Emphasizes the differences among the four billion people on earth.
Bursting with color and spirit, this collection of Latin-American songs is a tribute to Latino culture. From traditional tunes to rhymes and hand games, De Colores has songs for all occasions and moods. Each song is accompanied by simple musical arrangements, with lyrics in both English and Spanish. Slightly abridged from the original edition, this is ideal for classroom use, multicultural studies, or just plain fun.”Rich and resonant.” –Booklist
This jewel-like vignette from Sandra Cisneros’s best-selling The House on Mango Street shows, through simple, intimate portraits, the diversity among us. A Dragonfly Book in English and Spanish. A Parenting Magazine Best Children’s Book of the Year ———–Un excelente constructor de vocabulario, con nombres de objetos en Inglés y en Español, acompañados por ilustraciones, agrupados por tópicos como colores, juguetes, animales y herramientas.
When Lucy comes to the United States for the first time, no one can understand her English, not even Sparky. How will Sparky help her? Cuando Lucy viene a los Estados Unidos por primera vez, nadie puede entender su inglés, ni siquiera Sparky. ¿Cómo la ayudará Sparky?
Russian, Japanese, Swahili, Spanish… how does each language sound? What are the people of each culture like? Children can find out with this brightly illustrated introduction to foreign lands. “Along with the pleasure of adventure is the recognition of community with kids everywhere.” -Booklist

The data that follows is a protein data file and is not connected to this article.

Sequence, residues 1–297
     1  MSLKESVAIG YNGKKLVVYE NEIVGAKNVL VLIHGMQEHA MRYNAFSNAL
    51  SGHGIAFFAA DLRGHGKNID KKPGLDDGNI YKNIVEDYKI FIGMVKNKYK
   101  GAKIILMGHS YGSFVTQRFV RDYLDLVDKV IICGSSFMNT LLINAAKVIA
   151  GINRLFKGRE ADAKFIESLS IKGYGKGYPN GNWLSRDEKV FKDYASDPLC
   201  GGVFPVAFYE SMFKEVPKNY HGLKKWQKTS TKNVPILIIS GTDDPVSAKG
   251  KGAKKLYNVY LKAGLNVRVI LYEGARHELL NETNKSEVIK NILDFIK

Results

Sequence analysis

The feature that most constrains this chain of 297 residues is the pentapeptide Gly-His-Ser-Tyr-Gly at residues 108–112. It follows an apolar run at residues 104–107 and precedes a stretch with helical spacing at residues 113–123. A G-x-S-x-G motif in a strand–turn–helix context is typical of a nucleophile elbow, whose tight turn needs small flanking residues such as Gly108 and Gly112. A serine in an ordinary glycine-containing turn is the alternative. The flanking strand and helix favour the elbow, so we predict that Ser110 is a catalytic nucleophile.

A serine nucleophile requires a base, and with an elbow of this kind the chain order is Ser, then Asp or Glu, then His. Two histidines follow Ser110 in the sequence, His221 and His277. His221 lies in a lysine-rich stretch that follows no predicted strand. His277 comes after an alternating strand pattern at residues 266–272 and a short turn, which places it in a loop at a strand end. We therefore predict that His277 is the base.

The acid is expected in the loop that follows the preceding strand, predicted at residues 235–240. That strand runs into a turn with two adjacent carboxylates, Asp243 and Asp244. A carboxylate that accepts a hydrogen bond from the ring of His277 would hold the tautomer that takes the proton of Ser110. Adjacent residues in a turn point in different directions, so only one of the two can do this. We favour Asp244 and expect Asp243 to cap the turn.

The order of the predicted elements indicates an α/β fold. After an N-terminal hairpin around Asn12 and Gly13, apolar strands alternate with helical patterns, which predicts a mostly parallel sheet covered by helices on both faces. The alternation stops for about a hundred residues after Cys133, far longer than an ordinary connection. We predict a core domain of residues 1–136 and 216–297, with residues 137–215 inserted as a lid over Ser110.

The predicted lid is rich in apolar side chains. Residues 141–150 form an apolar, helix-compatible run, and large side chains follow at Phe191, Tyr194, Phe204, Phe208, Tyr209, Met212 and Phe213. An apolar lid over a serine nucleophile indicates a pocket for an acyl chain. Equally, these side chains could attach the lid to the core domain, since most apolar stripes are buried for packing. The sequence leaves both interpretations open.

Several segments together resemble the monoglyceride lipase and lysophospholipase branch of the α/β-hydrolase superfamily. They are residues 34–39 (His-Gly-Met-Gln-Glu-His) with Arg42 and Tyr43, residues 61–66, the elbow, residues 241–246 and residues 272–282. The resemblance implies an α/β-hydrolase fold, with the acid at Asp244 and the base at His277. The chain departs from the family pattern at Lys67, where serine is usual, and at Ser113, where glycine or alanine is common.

A collection of stories captures the lives of different teenagers growing up in the barrio, including Rita, who goes to live with her grandparents in Puerto Rico; Luis, who spends his days working at his father’s junkyard; and Sandra, who tries to rediscover her natural Latino beauty.
In this companion volume to Alma Flor Ada’s Where the Flame Trees Bloom, the author offers young readers another inspiring collection of stories and reminiscences drawn from her childhood on the island of Cuba. Through those stories we see how the many events and relationships she enjoyed helped shape who she is today. We learn of a deep friendship with a beloved dance teacher that helped sustain young Alma Flor through a miserable year in school. We meet relatives, like her mysterious Uncle Manolo, whose secret, she later learns, is that he dedicated his life to healing lepers. We share the tragedy of another uncle whose spirited personality leads to his love of flying…and the crash that takes his life. Heartwarming, poignant, and often humorous, this collection encourages children to discover the stories in their our own lives — stories that can help inform their own values and celebrate the joys and struggles we all share no matter where or when we grew up.
Join the discussion of Under the Royal Palms as well as other books by Alma Flor Ada in Margarita Engle on our My Take/Your Take page.
The Dominican legend of the ciguapas, creatures who lived in underwater caves and whose feet were on backward so that humans couldn’t follow their footprints, is reinvented by renowned author Julia Alvarez. Although the ciguapas fear humans, Guapa, a bold and brave ciguapa, can’t help but be curious–especially about a boy she sees on the nights when she goes on the land to hunt for food. When she gets too close to his family and is discovered, she learns that some humans are kind. Even though she escapes unharmed and promises never to get too close to a human again, Guapa still sneaks over to the boy’s house some evenings, where she finds a warm pastelito in the pocket of his jacket on the clothesline.
A Taino Indian legend about a young boy and his search for the healing caimoni tree.
This book is full of monos, ratons, and osos. What’s that, you say? You don’t know what a mono is? What about a rio, some pelo, or even an árbol? No? Still no idea? You should read this libro, then. By the time you finish, you’ll be able to recognize and understand more than fifty simple Spanish words. You’ll be saying, “Mas, por favor!” You may even ask your papá to buy you a gato or pato. (But not your papa. Potatoes can’t buy pets.)